What Is Cybersecurity?

Cybersecurity is protecting data from unauthorized access, integrity and destruction. It is also about keeping critical information accessible to legitimate users.

Consumers are paying more attention; governments are putting rules and regulations in place; and companies are investing time, money and energy to guard against cyberattacks.

The good news is that savvy leaders can turn cybersecurity threats into business opportunities. To get started, consider McKinsey’s best practices for strengthening your defenses.

Defining Cybersecurity

Cybersecurity is the practice of protecting networks, devices and data from unauthorized access and malicious use. It encompasses policies, technologies and education. It is important for business because it protects valuable electronic assets from unauthorized access and theft of proprietary information like customer data, financial records or intellectual property.

It is also important for individual consumers because cybersecurity can prevent identity theft, extortion attempts and the loss of important personal information like family photos. Additionally, cybersecurity is essential for society to function properly because it secures critical infrastructure like power plants and hospitals as well as public entities such as schools, governments and banks.

The eighth instalment of the FOC WG 1 blog series examines the definitions of cybersecurity to determine how they support or hinder a human rights-respecting approach. It finds that while many of these definitions are useful, they lack a holistic view that supports interdisciplinarity. They are essentially a collection of technical perspectives that reflect the predominance of the technical perspective in cybersecurity discourse and research.

Risk Assessment

A cybersecurity risk assessment is a process of identifying and classifying an organization’s IT assets, along with determining what impact cyber attacks may have on these assets. A risk assessment must consider critical assets such as monetary, continuity of operations and intellectual property. It must also take into account the likelihood of an attack and its effect on an organization’s reputation.

A risk assessment must assess each asset’s vulnerability in a way that is flexible enough to change as the environment changes. It must also compare the cost of remediation to the potential cost of a cyber attack. This doesn’t necessarily mean monetary costs; the assessment must also include the time and disruption to the company that will result from the implementation of a remediation solution.

For example, an assessment may find that a company’s air conditioning is vulnerable to hackers, so it can reduce the risk by updating its software. It might be cheaper to do that than pay for the company to lose clients and damage its reputation.

Identifying Vulnerabilities

Vulnerabilities are weaknesses that attackers can exploit to bypass barriers and gain unauthorised access to a system. They can be caused by hardware, software, operating systems, and network architecture flaws, misconfigurations, or a lack of security controls. They can also arise from poorly encrypted data or reused passwords.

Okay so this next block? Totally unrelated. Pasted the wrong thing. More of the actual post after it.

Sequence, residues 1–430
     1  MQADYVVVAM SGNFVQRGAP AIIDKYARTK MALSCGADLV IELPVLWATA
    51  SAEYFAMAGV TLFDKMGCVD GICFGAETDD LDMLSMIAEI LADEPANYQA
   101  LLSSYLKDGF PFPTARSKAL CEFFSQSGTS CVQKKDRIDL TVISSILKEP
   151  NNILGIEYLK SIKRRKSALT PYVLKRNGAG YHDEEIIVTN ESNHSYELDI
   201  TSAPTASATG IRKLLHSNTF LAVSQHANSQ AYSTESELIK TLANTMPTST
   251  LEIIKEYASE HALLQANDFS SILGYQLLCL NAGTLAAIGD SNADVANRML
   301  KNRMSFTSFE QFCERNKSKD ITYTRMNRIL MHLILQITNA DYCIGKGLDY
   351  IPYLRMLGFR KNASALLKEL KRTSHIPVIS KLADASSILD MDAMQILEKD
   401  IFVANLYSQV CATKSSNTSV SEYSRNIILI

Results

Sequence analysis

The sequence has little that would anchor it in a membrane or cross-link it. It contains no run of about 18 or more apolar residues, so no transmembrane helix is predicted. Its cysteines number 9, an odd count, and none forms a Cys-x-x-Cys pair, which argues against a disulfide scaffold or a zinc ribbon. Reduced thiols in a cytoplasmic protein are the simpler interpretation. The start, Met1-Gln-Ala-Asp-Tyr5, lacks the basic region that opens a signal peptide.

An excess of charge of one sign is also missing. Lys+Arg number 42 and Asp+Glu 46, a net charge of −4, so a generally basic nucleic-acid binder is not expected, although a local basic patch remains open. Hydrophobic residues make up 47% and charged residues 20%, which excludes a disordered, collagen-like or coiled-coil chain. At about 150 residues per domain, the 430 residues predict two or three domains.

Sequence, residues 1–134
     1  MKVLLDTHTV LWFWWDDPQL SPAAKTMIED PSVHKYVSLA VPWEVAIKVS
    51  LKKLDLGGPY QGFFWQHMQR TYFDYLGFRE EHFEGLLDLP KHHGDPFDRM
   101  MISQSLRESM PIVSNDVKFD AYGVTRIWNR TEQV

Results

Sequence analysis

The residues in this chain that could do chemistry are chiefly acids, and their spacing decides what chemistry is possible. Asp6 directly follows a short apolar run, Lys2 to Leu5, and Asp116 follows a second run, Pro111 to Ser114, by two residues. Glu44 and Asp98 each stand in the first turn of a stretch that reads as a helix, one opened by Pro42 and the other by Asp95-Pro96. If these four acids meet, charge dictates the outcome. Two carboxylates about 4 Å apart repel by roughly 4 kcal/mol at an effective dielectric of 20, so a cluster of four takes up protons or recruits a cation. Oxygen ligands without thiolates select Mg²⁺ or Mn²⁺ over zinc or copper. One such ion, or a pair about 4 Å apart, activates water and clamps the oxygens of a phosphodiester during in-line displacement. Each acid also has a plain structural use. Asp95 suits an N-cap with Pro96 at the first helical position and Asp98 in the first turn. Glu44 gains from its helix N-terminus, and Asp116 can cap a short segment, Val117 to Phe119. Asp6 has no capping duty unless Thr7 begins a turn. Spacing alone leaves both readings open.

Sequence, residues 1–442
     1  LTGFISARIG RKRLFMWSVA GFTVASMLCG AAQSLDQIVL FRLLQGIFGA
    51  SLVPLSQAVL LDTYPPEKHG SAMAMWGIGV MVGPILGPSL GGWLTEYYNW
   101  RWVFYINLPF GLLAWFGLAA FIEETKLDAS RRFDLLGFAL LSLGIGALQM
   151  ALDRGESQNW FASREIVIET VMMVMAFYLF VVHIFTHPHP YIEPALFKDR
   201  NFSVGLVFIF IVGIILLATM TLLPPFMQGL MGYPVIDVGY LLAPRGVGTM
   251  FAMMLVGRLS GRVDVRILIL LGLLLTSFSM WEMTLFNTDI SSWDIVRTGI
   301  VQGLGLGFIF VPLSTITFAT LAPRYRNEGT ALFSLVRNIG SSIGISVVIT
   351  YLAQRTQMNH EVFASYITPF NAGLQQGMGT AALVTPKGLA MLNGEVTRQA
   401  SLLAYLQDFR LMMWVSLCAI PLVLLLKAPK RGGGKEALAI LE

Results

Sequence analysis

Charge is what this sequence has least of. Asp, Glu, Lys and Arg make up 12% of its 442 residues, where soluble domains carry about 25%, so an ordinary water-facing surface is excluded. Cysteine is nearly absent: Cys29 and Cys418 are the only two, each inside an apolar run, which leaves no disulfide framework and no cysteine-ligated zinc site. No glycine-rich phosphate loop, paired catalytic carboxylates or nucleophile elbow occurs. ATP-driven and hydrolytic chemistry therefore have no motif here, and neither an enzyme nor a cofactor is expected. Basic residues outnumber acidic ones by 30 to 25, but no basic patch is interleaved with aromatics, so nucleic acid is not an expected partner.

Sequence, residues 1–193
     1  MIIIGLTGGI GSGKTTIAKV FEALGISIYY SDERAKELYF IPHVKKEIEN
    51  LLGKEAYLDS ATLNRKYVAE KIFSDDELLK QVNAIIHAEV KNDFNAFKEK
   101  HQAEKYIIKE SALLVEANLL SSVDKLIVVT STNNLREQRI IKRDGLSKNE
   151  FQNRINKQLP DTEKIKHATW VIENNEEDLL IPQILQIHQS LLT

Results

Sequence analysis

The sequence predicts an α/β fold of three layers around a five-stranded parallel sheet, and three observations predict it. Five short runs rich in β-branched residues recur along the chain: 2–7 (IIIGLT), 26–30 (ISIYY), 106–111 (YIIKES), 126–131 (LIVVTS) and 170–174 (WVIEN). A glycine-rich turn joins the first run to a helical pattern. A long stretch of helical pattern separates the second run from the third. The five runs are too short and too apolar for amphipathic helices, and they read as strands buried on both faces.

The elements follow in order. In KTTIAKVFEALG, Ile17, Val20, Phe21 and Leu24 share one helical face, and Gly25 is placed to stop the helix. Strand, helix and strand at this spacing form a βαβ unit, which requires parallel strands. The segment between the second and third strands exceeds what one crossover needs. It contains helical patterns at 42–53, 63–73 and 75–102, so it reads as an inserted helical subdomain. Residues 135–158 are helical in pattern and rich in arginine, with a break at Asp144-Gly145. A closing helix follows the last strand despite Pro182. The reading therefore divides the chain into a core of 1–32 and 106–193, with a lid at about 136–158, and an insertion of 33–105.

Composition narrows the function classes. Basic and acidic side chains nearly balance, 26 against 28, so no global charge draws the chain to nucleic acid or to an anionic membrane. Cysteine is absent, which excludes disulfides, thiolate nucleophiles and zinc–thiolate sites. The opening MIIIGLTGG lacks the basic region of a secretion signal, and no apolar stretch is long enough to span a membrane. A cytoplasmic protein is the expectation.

A vulnerability is not a threat in and of itself but becomes one when it is exploited by a threat, such as a ransomware attack or cryptojacking. It is important to understand how to spot and mitigate these vulnerabilities.

Vulnerability management is the process of identifying, assessing, reporting on, and managing cyber vulnerabilities across endpoints, workloads and systems. It should be an ongoing, regular process and a vital part of an organization’s cybersecurity strategy. Vulnerabilities are prioritized and categorized based on their risk to an organization’s business functions. They are documented in the National Vulnerability Database (NVD). The database is maintained by MITRE, a not-for-profit corporation. It is regularly updated with CVE identifiers (Common Vulnerabilities and Exposures) information.

Mitigating Vulnerabilities

Cyber attacks affect everyone from consumers to critical infrastructure, like power plants and hospitals. Advanced cybersecurity measures are necessary to ensure that the information systems that support these vital services remain secure.

When attackers gain unauthorized access to your system, the consequences are catastrophic. Attacks include malware, ransomware, botnet software, RAT (remote access Trojan) attacks, cryptojacking, DDoS (distributed denial-of-service) attacks and more.

The best way to prevent cyberattacks is to mitigate vulnerabilities. Mitigation is the process of reducing or eliminating risk by implementing mitigation strategies, such as patching software, enforcing software signatures and limiting access to sensitive data.

Other risk mitigating techniques include establishing a disaster recovery plan and incorporating cyberattack awareness training for employees. Also, deploying contemporary hardware security features on newer devices can increase your system’s integrity and reduce threats. Backing up your system to remote storage and scheduling backups to happen frequently can also help you avoid cyberattacks. Having the right team on your side to help with mitigation is important, but so is finding a solution that automates some of the most tedious parts of vulnerability management.

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